Thursday, June 22, 2017

Capt. Lester Powell retires same day Air Labrador declared to be no more

'I went down with the ship': Labrador pilot hangs up headset after 44-year career

Cartwright-L'Anse au Clair MHA Lisa Dempster greeted her father, Lester Powell, at the Air Labrador hangar with balloons and champagne to celebrate his 44-year career as a pilot. 




Capt. Lester Powell flew his last run June 16, after logging more than 45,000 hours as a pilot. 

The Labrador pilot ended a 44-year long career with Air Labrador the same day the Nunatsiavut Group of Companies, Innu Development Limited Partnership and PAL Airlines announced a new airline, Air Borealis, is taking over flights to coastal Labrador.

Powell's daughter, Cartwright-L'Anse au Clair MHA Lisa Dempster, greeted him at the Air Labrador hangar with balloons and a bottle of champagne to celebrate the milestone.

"He is leaving a tremendous, tremendous legacy on what he has done for the people of Labrador, all the way from Nain down to the Quebec border," Dempster said in an interview with CBC's Labrador Morning.




Sad to see Air Labrador go


Powell admitted leaving his career of 44 years as a pilot is bittersweet, adding it's sad to see Air Labrador go.

"I went down with the ship, as they say, with this company that I worked with for 44 years," he said.

"So I said, 'I might as well call it off.'"

Dempster said her father always dreamed of flying the mail, which had been delivered by marine coastal boat when he was growing up in Charlottetown on Labrador's south coast.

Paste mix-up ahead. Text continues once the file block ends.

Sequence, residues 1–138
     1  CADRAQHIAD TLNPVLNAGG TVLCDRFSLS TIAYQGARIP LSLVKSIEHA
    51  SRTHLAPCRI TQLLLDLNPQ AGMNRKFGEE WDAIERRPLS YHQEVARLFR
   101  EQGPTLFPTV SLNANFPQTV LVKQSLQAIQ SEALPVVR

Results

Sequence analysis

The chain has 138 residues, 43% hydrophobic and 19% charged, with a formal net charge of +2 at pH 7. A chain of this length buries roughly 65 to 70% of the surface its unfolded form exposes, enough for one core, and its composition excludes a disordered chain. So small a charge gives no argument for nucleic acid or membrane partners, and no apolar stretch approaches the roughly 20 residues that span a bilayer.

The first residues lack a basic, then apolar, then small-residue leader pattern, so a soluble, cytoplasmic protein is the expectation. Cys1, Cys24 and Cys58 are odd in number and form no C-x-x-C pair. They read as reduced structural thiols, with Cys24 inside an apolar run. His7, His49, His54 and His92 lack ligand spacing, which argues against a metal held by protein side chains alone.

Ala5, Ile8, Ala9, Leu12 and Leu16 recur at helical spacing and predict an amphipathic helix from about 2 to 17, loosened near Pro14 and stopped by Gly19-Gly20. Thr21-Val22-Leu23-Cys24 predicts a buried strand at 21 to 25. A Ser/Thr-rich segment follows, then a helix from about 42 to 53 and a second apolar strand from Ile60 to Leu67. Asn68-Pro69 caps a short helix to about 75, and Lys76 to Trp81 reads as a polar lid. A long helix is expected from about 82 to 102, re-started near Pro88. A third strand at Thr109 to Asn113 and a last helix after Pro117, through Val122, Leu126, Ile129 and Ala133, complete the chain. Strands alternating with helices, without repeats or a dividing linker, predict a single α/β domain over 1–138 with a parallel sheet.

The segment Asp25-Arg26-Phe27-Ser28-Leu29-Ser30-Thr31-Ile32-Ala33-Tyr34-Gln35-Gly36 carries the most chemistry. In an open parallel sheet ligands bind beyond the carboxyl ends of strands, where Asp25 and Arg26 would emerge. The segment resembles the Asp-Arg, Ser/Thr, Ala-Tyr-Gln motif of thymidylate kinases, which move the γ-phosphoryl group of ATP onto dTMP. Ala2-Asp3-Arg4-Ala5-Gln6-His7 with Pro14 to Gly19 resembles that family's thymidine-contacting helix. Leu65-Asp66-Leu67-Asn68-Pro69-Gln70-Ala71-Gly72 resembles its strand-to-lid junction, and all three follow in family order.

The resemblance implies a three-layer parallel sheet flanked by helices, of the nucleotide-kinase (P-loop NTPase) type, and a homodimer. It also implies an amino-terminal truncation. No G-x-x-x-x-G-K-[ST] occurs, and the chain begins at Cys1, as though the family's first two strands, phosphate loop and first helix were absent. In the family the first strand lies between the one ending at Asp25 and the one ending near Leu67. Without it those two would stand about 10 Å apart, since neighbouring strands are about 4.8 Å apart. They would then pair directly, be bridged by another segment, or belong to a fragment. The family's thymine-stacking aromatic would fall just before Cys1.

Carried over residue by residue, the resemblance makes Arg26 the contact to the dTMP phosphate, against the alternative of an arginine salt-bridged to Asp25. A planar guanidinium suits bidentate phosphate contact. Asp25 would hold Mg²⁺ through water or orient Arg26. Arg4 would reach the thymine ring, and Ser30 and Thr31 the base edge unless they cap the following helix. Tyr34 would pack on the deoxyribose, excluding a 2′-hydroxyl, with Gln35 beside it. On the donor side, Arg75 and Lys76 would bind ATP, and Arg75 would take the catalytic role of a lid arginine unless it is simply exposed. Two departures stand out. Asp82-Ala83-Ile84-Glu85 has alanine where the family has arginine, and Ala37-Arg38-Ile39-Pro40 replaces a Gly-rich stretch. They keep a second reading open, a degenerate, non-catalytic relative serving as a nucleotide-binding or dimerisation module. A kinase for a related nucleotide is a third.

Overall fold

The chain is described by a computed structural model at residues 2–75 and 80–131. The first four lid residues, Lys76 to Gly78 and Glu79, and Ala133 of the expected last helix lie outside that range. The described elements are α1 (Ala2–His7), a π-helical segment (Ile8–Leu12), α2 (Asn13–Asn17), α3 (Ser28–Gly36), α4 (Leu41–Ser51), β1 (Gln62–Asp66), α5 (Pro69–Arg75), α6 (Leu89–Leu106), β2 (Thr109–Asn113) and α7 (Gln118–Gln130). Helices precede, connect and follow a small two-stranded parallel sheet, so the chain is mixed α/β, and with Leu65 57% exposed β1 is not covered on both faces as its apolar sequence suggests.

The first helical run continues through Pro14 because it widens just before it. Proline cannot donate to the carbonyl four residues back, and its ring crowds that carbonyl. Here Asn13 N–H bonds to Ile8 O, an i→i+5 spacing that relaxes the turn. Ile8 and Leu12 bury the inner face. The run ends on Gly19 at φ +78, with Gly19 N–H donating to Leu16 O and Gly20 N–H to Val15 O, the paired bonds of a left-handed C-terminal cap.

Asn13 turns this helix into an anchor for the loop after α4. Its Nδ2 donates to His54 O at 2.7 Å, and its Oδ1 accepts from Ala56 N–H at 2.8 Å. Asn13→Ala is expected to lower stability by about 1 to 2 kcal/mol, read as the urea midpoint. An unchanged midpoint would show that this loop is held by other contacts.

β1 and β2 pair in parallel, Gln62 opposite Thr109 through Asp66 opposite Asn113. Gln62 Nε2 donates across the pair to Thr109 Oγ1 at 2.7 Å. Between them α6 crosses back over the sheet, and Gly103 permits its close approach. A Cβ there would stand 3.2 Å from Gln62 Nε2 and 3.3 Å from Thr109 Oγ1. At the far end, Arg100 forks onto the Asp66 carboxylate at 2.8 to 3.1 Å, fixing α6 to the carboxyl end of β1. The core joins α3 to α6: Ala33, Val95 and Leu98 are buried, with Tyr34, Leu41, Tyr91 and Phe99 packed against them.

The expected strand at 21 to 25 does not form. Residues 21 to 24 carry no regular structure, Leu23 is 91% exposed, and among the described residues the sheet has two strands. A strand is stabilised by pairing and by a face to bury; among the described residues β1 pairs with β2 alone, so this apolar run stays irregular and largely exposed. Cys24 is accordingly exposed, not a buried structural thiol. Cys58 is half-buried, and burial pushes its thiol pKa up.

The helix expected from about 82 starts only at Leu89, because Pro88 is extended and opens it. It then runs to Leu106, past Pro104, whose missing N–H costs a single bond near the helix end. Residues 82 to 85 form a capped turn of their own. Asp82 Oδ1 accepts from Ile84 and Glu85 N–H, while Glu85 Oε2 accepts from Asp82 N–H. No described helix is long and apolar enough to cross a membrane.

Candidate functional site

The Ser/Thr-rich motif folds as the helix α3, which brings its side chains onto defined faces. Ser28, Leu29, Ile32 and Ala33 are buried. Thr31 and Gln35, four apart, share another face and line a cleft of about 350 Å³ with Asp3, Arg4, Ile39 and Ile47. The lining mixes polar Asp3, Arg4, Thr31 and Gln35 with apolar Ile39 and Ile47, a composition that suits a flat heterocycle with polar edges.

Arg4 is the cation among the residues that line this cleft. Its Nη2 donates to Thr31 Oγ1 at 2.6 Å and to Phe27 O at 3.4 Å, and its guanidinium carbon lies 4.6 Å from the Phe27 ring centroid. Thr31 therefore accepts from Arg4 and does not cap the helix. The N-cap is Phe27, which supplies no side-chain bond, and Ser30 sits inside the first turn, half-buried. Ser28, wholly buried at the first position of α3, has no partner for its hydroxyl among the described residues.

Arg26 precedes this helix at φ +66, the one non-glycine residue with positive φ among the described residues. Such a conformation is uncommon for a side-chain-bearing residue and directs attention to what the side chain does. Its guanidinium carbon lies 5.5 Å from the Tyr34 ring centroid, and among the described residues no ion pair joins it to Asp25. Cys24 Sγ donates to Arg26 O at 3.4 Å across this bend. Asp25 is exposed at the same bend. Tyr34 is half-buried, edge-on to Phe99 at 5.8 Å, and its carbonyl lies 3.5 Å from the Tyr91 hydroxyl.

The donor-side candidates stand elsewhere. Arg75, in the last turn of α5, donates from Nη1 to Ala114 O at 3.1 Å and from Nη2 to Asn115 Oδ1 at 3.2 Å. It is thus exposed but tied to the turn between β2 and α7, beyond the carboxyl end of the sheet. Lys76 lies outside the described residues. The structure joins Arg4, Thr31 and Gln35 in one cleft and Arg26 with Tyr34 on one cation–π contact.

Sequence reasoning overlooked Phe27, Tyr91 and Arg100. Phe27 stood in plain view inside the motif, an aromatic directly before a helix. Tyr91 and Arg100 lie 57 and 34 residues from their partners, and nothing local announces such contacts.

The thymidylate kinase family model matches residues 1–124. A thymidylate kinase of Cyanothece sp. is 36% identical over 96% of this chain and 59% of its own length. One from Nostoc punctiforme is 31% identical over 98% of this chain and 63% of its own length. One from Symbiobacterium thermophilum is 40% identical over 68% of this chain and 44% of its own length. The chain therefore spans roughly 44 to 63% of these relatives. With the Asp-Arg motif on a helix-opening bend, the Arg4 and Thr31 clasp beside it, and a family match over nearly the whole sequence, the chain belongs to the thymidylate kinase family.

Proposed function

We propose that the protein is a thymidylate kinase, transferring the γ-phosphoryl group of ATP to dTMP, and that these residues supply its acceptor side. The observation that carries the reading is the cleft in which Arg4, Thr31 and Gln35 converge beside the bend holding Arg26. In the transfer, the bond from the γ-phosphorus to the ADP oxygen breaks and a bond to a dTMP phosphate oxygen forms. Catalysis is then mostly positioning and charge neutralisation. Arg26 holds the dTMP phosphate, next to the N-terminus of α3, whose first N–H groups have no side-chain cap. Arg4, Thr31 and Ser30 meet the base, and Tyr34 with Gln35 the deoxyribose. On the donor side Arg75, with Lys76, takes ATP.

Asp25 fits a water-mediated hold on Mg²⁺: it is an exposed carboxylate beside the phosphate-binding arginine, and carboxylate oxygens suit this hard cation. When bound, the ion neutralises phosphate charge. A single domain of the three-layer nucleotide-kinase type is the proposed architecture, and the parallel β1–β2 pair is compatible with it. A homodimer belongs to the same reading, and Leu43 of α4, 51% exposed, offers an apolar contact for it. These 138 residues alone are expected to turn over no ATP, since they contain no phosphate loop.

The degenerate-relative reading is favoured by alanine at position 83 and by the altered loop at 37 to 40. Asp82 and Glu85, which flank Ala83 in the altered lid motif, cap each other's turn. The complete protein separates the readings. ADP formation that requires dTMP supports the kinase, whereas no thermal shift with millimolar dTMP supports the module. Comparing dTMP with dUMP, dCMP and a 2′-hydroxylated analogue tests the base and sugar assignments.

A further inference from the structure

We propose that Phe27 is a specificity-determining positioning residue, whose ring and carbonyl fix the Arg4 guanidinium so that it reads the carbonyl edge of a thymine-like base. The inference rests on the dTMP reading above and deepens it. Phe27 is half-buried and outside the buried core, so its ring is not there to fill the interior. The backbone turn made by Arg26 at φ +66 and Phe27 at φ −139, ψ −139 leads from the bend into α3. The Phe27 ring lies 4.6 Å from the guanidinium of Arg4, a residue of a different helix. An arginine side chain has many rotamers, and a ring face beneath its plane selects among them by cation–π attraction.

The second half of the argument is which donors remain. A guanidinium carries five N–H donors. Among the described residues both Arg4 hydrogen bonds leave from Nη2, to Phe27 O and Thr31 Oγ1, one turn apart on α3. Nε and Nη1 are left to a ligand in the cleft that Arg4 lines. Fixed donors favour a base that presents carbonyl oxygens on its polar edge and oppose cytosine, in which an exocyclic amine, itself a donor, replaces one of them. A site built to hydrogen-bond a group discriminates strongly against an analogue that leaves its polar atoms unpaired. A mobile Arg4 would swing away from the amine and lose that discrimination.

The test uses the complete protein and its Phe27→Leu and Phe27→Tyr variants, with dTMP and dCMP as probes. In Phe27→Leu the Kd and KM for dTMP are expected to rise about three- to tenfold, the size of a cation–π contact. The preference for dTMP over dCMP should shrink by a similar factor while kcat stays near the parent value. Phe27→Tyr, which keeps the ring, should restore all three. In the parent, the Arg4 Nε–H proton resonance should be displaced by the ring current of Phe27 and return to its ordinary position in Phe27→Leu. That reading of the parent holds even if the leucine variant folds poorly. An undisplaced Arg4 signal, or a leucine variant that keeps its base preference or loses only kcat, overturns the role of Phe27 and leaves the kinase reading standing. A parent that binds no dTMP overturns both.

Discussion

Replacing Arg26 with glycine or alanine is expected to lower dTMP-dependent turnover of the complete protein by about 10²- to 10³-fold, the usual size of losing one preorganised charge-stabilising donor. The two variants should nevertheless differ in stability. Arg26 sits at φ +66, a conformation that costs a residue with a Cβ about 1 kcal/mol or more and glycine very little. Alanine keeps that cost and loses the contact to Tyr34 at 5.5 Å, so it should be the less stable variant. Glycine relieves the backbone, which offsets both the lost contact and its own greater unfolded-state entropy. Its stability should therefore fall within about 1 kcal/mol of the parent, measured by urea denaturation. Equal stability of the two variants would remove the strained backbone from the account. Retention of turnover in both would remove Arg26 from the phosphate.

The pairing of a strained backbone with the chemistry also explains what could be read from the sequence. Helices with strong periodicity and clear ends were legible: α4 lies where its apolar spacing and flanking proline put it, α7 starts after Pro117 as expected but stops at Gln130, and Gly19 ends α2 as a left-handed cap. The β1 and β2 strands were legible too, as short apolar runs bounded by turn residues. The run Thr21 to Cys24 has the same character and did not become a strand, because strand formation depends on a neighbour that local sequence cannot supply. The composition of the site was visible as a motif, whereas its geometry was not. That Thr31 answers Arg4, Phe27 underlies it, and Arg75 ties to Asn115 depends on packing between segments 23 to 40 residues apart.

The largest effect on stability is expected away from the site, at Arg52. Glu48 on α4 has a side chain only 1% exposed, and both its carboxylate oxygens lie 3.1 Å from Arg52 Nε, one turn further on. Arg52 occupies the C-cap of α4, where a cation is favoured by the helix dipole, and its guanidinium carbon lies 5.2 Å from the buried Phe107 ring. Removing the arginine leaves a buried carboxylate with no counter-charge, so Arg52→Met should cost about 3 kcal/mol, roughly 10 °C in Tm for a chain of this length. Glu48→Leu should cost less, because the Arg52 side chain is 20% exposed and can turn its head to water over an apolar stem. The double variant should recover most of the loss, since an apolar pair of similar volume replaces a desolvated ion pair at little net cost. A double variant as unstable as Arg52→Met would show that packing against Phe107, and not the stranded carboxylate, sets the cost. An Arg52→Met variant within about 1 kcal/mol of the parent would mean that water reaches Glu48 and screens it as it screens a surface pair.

After training to be a pilot, Powell worked for Labrador Airways, a predecessor to Air Labrador. He flew a Cessna 180 to deliver first-class mail from Nain to all points south to Henley Harbour.

As an aviation family, Dempster said six of her seven brothers became pilots thanks to their father being such an icon.

He's flown more than 36,000 hours with the Twin Otter alone and completed more than a thousand medevac flights during his 44-year career.

Dempster said it wasn't unusual to see three planes out on the ice in the Charlottetown harbour being flown by her brothers in the 1970s.


 



Flying into remote communities

 
While many of Powell's colleagues moved onto flying bigger planes, Dempster said her father was happy to be "scanning the horizons of the sky of the Big Land."

In the early days, Powell says, flying could be rough without having navigational equipment, like GPS, that newer airplanes have.

"When you've flown in as much weather — and often without [instrument flight rules and] things like that — and you're able to hang up your headset and still be here and be safe, it's worth celebrating," Dempster said.

Before gravel airstrips were built, Powell used to fly into remote communities by using floats on water or skis on ice, remembering how torches were used to light up ice airstrips at night so he could land.

Dempster said her father pushed the limits to get into communities where "people's lives were hung in the balance" if there was an accident or someone was about to have a baby.

"Someone was watching out for my dad over the four decades because many times he was called out in extremely bad weather and delivered a patient, saved a life, maybe put his own at risk a lot," she said.




A good run

Before leaving the tarmac at the Goose Bay airport, a fire truck doused Powell and another pilot, Romain Butler, who also retired from Air Labrador.

"We've had a lot of good years, a real good run," Powell said. "We've had rough times up and down, but it was a good airline."

Dripping wet, and wiping his glasses, Powell said he didn't expect to get the celebratory spray-down while he received heartfelt handshakes and hugs on the occasion of his retirement.

http://www.cbc.ca

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